Depending on your requirements, you may need to download, install, and configure agents on specific servers or VMs to collect logs and send them to vRealize Log Insight.
5. Now, explore and install relevant Content Packs in vRealize Log Insight that provide predefined dashboards and queries for various technologies.
These technologies span across vCenter, ESXi hosts, and various other VMware products.
Comparing and Correlating Logs Within vRealize Log Insight
Understanding an issue requires looking at several logs; correlating events from different logs can provide a fuller picture of what transpired. Imagine your virtual machine throwing a fit and refusing to power up. In such cases, you’ve got to peek into logs from the vCenter Server, the ESXi host, and the VM itself.
By comparing and correlating information from multiple logs, you’ll uncover the root cause of the problem.
To perform correlation and analysis using vRealize Log Insight, carry out the following:
1. In vRealize Log Insight, navigate to Interactive Analytics and set the time range (i.e., All time) for log data analysis using the time picker in the query panel, as shown below.
This feature lets you leverage the powerful search capabilities to filter and drill down into specific log entries.
2. Next, type in a value in the search query field (i.e., esxi) using the Log Insight Query Language (LIQL), add filters (if applicable), and click the search icon to execute a basic search query.
This example searches for log entries related to esxi, as shown below.
3. Refine your query by adding more filters to narrow the log data, and use logical operators (AND, OR) to combine multiple conditions.
4. Now, examine log entries to identify common fields or attributes that may serve as correlation points. Look for identifiers like timestamps, transaction IDs, or unique identifiers.
Below are some of the common vCenter log errors and their fixes.
|High Host Memory Usage
|This error often arises from insufficient resources.
|Check your ESXi host’s CPU and memory utilization and consider migrating some VMs to other hosts to free up resources.
|VMware vSphere Profile-Driven Storage Service Alarming Health
|Indicates a potential issue or warning related to the health of the Profile-Driven Storage Service in your VMware vSphere environment.
|Check the status of the Profile-Driven Storage Service to ensure that the service is running and there are no reported errors. Verify that the storage devices are healthy, accessible, and properly configured within vSphere.
Creating a Log Management Strategy via vSphere Client
By comparing and correlating logs, you’ve unveiled the hidden stories behind vCenter’s operational tapestry. Yet, armed with this knowledge, the question arises: what’s the proactive measure to not just uncover but to prevent log-related mysteries in the first place?
A robust log management strategy can proactively mitigate potential issues before adversely affecting your environment. This approach involves consistently reviewing logs to identify warnings and errors, configuring alerts for critical events, and archiving older logs to sustain optimal system performance.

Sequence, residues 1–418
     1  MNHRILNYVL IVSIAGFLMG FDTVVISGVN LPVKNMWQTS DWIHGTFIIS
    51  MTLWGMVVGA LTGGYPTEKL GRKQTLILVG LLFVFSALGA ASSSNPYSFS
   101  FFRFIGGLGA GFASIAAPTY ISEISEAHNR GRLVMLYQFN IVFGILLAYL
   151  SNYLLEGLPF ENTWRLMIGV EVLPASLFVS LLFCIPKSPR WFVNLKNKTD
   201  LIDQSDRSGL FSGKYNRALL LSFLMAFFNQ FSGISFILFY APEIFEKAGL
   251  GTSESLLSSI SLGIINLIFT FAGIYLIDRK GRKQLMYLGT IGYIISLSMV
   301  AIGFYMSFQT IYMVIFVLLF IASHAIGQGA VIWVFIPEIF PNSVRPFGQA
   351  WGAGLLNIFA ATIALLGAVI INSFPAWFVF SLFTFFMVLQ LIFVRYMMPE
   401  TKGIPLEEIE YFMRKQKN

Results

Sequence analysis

To create a log management strategy in vCenter, fulfill the following steps:
1. In the vSphere Client, select your ESXi host, navigate to the Configure tab, choose Advanced System Settings, and click EDIT.
A dialog box appears (step two) where you can configure syslog settings for your ESXi hosts to centralize log storage.
2. Next, search for Syslog.global.logHost and edit its value to point to your Syslog server, as shown below, and click OK to save the changes.
This parameter is set to specify a central syslog server (i.e., 192.168.86.135) to collect and store log messages from multiple ESXi Hosts and vCenter servers.
3. Edit the advanced system settings on the same ESXi host or vCenter Server again.
But this time, search for entries that have the prefix Config.HostAgent.level, provide your preferred value, and click OK. Note that one of the valid values, info, is set by default.
This process lets you adjust log levels based on your requirements, which helps manage the volume of logs generated.
Optimizing Advanced Log Management Tools
Now that you’ve crafted your log management strategy, how can you extract more wealth of information? Optimize advanced log management tools, such as Loggly or Splunk. These tools can ingest, analyze, and visualize logs, making it easier to spot trends or issues.
But in this example, you’ll stick with vRealize Log Insight by creating a custom dashboard and setting up alerts and notifications.
To optimize vRealize Log Insight, continue with the following:
1. Navigate to the Dashboards section and click NEW DASHBOARD to initiate creating a custom dashboard.
2. Next, provide a dashboard name (i.e., Log-001), and click SAVE to finalize creating your dashboard.
3. Once created, navigate to Interactive Analytics and click Add to Dashboard (top-right) to add widgets to visualize log events on your dashboard.
4. In the dialog box, name your widget, select your preferred dashboard (i.e., Log-001) to add the widget, and then click ADD to save the changes.
5. Now, navigate to the Alerts tab and click CREATE NEW to initiate setting up alerts and notifications.
6. Finally, set up an alert as follows:
- Provide a descriptive name for the alert.
- Create alert queries based on specific log events or patterns.
- Define conditions for triggering alerts.
- Click Save to finalize setting up the alert.
On your troubleshooting journey, you walked through the intricacies of vCenter logs and kicked off by mastering the art of accessing and viewing vCenter logs. You’ve learned to identify those elusive error logs and harnessed the power of VMware’s vRealize Log Insight.
You also touched on comparing and correlating logs, crafted a strategic approach through the vSphere Client, and even took a deep dive into optimizing advanced log management tools.
In a nutshell, you’ve acquired the skills to navigate the labyrinth of vCenter logs and honed your troubleshooting prowess. Now, you can dissect error messages precisely, uncover hidden patterns, and fortify your virtualized environment against potential disruptions.
As you step away from this tutorial, consider how you can build on this newfound expertise. Why not automate repetitive processes to save time and increase efficiency in handling logs with scripting languages like PowerShell or Python? Or investigate how your log management tools can integrate with other IT management and monitoring solutions, like ELK Stack or Graylog?